Governments may push workers to health exchange

Washington becomes first state to consider the cost-shifting plan

OLYMPIA, Wash. — In a quest to save money, political leaders in Washington state are exploring a proposal that would shift some government workers out of their health plans and onto the insurance exchange developed under President Barack Obama's health care law.

Lawmakers believe the change, which could affect thousands of part-time state employees and education workers, would save the state $120 million over the next two years. It would consequently push more health care costs onto the federal government because many of the low-income workers likely would qualify for federal subsidies.

Officials: Oregon will not shift workers to exchange

SALEM — Oregon's top legislative budget officials say they haven't seriously discussed dropping health insurance coverage for part-time state workers to shift some of their costs to the federal government.

Political leaders in Washington state are exploring a plan that would shift some government workers off of their existing health plans and onto the insurance exchange developed under the health care law championed by President Barack Obama.

Oregon Sen. Richard Devlin and Rep. Peter Buckley, co-chairmen of the Legislature's budget committee, say no similar plan is being considered in Salem.

The Washington state plan would save money for the state government, but threatens to affect the federal budget and the pocketbooks of some part-time workers.

— The Associated Press

Washington state appears to be the first major government to seriously explore the possibility of pushing public employees into the exchange, but it probably won't be the last. Rick Johnson, who advises state and local governments on health care policy at the New York-based consulting firm Segal Co., said he expects it will be an option some state and local governments will explore in the years to come.

A spokeswoman with the Department of Health and Human Services declined comment.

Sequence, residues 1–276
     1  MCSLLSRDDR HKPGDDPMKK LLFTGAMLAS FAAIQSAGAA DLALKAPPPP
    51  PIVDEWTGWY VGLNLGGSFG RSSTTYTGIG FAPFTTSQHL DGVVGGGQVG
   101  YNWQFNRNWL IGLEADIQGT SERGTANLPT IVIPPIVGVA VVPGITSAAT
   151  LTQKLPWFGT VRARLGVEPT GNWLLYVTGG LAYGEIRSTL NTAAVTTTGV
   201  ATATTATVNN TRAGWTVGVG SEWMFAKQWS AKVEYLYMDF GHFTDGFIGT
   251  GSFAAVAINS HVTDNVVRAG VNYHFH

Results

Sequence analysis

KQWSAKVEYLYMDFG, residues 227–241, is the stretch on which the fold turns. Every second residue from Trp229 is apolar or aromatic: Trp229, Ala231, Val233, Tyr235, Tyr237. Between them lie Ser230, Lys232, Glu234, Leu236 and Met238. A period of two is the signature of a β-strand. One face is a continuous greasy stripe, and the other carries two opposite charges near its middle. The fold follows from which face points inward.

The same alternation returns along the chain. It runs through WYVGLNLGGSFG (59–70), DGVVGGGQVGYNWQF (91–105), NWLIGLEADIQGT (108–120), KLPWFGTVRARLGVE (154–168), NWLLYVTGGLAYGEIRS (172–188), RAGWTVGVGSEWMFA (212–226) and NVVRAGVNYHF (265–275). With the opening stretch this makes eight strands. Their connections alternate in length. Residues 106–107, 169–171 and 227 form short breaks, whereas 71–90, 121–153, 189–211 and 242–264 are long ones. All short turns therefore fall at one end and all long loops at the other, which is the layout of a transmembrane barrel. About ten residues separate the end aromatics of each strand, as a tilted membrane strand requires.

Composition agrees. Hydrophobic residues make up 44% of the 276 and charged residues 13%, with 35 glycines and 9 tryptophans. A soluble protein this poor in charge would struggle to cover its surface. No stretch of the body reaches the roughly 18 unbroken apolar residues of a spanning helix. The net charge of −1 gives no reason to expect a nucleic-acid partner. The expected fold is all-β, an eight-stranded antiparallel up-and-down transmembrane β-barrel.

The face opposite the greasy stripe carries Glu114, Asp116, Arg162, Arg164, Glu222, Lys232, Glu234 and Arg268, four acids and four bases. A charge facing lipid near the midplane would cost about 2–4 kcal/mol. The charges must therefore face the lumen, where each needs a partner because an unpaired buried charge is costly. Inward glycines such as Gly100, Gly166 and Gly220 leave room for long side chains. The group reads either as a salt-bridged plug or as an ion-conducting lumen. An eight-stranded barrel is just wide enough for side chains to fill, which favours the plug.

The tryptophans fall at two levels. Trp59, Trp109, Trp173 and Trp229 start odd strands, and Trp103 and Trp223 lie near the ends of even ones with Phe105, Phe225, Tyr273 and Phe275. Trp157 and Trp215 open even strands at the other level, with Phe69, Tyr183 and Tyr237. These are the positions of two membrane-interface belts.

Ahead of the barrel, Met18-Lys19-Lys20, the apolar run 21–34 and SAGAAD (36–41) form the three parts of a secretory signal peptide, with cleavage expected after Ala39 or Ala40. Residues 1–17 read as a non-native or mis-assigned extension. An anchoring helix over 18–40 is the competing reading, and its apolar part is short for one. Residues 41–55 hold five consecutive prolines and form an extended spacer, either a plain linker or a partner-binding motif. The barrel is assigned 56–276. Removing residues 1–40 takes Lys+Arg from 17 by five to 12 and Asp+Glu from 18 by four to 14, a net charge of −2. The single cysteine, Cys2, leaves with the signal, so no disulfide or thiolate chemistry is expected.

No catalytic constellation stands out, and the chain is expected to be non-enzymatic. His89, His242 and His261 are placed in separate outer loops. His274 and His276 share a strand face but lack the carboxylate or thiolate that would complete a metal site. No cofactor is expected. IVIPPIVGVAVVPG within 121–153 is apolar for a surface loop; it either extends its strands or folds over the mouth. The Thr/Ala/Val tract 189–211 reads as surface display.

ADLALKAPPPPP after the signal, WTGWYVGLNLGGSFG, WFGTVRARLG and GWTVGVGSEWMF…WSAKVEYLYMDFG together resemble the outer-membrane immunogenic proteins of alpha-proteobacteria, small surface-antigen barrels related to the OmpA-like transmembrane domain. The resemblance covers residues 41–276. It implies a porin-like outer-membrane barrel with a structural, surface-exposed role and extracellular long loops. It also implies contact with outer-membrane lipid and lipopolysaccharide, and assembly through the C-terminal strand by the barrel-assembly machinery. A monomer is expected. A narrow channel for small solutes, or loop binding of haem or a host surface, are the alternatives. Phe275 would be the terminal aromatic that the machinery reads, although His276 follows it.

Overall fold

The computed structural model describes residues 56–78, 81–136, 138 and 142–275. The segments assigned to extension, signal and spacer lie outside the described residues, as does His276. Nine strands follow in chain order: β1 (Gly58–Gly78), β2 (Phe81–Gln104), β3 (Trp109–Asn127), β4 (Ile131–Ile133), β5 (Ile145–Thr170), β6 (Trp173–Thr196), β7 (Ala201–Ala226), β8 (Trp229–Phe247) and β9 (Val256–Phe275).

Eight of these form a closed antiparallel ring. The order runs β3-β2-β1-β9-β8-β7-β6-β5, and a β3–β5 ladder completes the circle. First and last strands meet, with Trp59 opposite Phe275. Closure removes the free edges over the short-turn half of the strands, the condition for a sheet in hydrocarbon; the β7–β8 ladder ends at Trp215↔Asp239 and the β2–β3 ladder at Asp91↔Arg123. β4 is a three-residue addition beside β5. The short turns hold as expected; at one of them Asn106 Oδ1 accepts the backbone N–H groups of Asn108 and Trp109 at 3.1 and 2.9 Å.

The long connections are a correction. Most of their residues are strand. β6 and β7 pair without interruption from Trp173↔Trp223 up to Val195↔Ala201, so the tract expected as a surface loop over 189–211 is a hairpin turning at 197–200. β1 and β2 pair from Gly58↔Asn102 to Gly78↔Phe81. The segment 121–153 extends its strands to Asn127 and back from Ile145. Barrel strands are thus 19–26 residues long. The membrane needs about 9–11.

Because the federal law requires employers to provide coverage for those working at least 30 hours a week, states are exploring various ways to manage their part-time employees.

Virginia, for example, is requiring all part-time employees to work fewer than 30 hours, which will help the state avoid penalties for not providing health coverage. Florida is facing a potential $300 million penalty for not covering workers who are on duty 30 to 39 hours a week, so it's moving to extend coverage to those employees.

Washington state is in a less common situation because it already provides coverage for part-timers down to 20 hours a week.

The Washington proposal has been advanced as a way to help deal with a $1.2 billion budget shortfall. Under it, Washington state would make policy changes and secure agreements in which staffers who work between 20 and 30 hours a week would get extra compensation but lose their existing health coverage. They would then be eligible to get health care in the federal plan, without any consequence for the state.

While Democratic lawmakers have expressed concern about the Washington state plan this year, it is drawing growing interest with a bipartisan group of political leaders in the state.

Democratic Gov. Jay Inslee, who supported the Obama health care law while in Congress, has reservations about the plan but also said federal rules don't dictate how employers and employees should handle insurance coverage. Inslee indicated that he may consider supporting the idea in the future. "It's one of those ideas that's premature for us to launch this year, but I don't think we should take it off the table," Inslee said Tuesday.

Supporters of the plan say the proposal could help some part-time workers financially and could put them in a position to have better health care benefits. Lawmakers also see it as a boon for the state budget.

"I think it's a great way to fully take advantage of the Affordable Care Act," said Republican Sen. Andy Hill, one of the state's top budget writers.

K-12 workers would have to adopt new bargaining agreements to implement the change, although the state would help by offering sweeteners that would be equivalent to as much as a $2 per hour raise.

Rick Chisa, political director at the Public School Employees of Washington, said the union is open to shifting some workers to the exchange. But Chisa didn't feel the proposal — an inducement valued at perhaps $200 a month for someone working 25 hours a week — provided an adequate incentive, especially if it may be taxed as compensation. He said the change might make sense for cafeteria workers and teacher's assistants who are on the low end of the pay spectrum. But union leaders also want to see what the insurance product looks like in the exchange before making that move. "We want to make sure that we're not selling workers short and being mesmerized by a shiny $2 bill," Chisa said. He said it was "very unlikely" for such a shift to happen this year.

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